Highlights from the “Reaching Out to Ontario – Waterloo” event

Beamish and Emily Harris-McLeod

It was nice to meet a few of you at the recent “Reaching Out to Ontario” event presented on Friday, May 31, 2019 by the Information and Privacy Commissioner of Ontario (IPCO) at Wilfrid Laurier University in Waterloo, Ontario.

The first half of the event was a presentation on Key Developments in Access to Information and Privacy delivered by Commissioner Brian Beamish and Assistant Commissioner David Goodis.

Highlights from the first session included:

  • Smart Cities: The Ministry of Government Services has just announced a need for additional privacy protections for Smart Cities.  Commissioner Beamish suggested it may be time for Ontario to institute a privacy law of its own for the private sector (as British Columbia has already done) rather than relying on the federal Personal Information Protection and Electronic Documents Act (PIPEDA).
  • Data Analytics: There is a potential for discrimination based on flawed data analytics algorithms.
  • FIPPA Amendments: 2019 amendments to the Freedom of Information and Protection of Privacy Act (FIPPA) allow for inter-governmental data transfers for the purpose of data analytics.  Personal Information contained in such data must be de-identified.
  • Mandatory Breach Reporting for Health Organizations: This has been in place since October 2017.  There were 506 reported breaches in 2018.  “Snooping” (i.e., accessing another individual’s information without a valid purpose) is a big concern, representing about half of the breaches.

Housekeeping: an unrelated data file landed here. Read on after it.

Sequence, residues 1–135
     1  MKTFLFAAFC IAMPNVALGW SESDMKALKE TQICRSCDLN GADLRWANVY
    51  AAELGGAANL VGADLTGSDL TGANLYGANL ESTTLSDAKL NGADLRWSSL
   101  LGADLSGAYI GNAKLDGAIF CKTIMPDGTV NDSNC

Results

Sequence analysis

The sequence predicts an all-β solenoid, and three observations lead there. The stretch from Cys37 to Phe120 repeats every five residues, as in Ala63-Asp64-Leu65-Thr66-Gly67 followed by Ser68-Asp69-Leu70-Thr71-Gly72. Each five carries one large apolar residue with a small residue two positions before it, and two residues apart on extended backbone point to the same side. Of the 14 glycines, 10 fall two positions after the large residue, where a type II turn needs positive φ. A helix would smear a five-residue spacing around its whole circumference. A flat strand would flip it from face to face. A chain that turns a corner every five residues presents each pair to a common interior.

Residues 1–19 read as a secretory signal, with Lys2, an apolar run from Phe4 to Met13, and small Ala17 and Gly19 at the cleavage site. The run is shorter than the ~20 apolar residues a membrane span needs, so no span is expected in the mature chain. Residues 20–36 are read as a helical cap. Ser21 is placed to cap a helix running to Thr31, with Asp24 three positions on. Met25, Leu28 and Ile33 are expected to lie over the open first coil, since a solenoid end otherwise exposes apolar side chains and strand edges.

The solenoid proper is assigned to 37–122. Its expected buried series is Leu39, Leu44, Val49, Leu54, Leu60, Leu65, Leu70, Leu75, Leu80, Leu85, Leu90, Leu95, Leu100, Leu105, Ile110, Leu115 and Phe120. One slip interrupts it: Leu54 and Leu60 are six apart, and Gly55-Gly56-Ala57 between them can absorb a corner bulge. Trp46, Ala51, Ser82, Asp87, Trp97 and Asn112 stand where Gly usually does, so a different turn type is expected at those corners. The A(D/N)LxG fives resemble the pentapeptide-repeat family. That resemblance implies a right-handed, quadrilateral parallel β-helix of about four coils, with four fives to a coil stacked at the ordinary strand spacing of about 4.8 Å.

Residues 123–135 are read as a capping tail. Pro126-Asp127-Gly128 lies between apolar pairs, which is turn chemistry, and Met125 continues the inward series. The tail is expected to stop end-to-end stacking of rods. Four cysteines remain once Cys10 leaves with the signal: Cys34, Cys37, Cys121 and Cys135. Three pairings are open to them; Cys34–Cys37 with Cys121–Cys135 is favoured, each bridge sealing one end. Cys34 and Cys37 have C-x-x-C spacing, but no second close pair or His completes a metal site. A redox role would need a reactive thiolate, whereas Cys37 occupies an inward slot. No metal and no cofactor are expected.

• Sale Of De-identified Medical Information: IPCO is currently investigating this practice and believes it may be contrary to law.
  • New FOI Guidance Documents
    • June 2018: Fee Estimates and Fee Waivers
    • September 2018: Third Party Information Exemption
    • January 2019: Resources for Schools
  • Recent FOI and Privacy Decisions
    • R. v. Jarvis, 2019 SCC 10: A teacher was caught recording female students’ chests surreptitiously.  In a unanimous judgment, the Supreme Court of Canada found that the teacher’s actions represented an illegal breach of the students’ privacy, with Chief Justice Wagner noting “privacy is not an all-or-nothing concept” (from paragraph 41 of the judgment).  In other words, it is incorrect to claim that students have an expectation of privacy only in certain spaces (such as washrooms) but no expectation of privacy in other spaces (such as in classrooms or in the hallways of their school).
    • Order MO-3607: Use of private email accounts to conduct government business.  It will be highly relevant to the IPCO adjudicator whether there is actually evidence that government business is being conducted through personal accounts; mere speculation by a requestor is generally not sufficient to obtain access to emails from a personal email account.
    • Order PO-3862: IPCO ordered out assisted death records which did not relate to any specific patient or case.